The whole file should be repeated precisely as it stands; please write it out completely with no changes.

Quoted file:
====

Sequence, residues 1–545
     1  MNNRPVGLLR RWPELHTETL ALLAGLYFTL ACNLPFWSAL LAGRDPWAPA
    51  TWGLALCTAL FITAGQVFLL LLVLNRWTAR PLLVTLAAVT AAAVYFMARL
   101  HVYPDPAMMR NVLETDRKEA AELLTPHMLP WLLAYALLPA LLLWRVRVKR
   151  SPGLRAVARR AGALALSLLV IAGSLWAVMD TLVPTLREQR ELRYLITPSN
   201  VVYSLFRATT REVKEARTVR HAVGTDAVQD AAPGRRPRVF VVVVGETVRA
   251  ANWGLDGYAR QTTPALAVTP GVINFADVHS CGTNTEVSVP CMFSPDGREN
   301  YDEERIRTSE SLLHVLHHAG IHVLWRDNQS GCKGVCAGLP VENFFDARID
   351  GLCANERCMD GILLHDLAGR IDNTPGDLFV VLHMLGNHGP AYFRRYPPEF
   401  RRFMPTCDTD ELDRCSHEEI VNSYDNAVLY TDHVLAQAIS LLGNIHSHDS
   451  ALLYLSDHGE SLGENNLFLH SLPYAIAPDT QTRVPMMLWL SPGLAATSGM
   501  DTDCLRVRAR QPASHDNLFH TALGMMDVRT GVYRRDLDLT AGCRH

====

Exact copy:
Sequence, residues 1–545
     1  MNNRPVGLLR RWPELHTETL ALLAGLYFTL ACNLPFWSAL LAGRDPWAPA
    51  TWGLALCTAL FITAGQVFLL LLVLNRWTAR PLLVTLAAVT AAAVYFMARL
   101  HVYPDPAMMR NVLETDRKEA AELLTPHMLP WLLAYALLPA LLLWRVRVKR
   151  SPGLRAVARR AGALALSLLV IAGSLWAVMD TLVPTLREQR ELRYLITPSN
   201  VVYSLFRATT REVKEARTVR HAVGTDAVQD AAPGRRPRVF VVVVGETVRA
   251  ANWGLDGYAR QTTPALAVTP GVINFADVHS CGTNTEVSVP CMFSPDGREN
   301  YDEERIRTSE SLLHVLHHAG IHVLWRDNQS GCKGVCAGLP VENFFDARID
   351  GLCANERCMD GILLHDLAGR IDNTPGDLFV VLHMLGNHGP AYFRRYPPEF
   401  RRFMPTCDTD ELDRCSHEEI VNSYDNAVLY TDHVLAQAIS LLGNIHSHDS
   451  ALLYLSDHGE SLGENNLFLH SLPYAIAPDT QTRVPMMLWL SPGLAATSGM
   501  DTDCLRVRAR QPASHDNLFH TALGMMDVRT GVYRRDLDLT AGCRH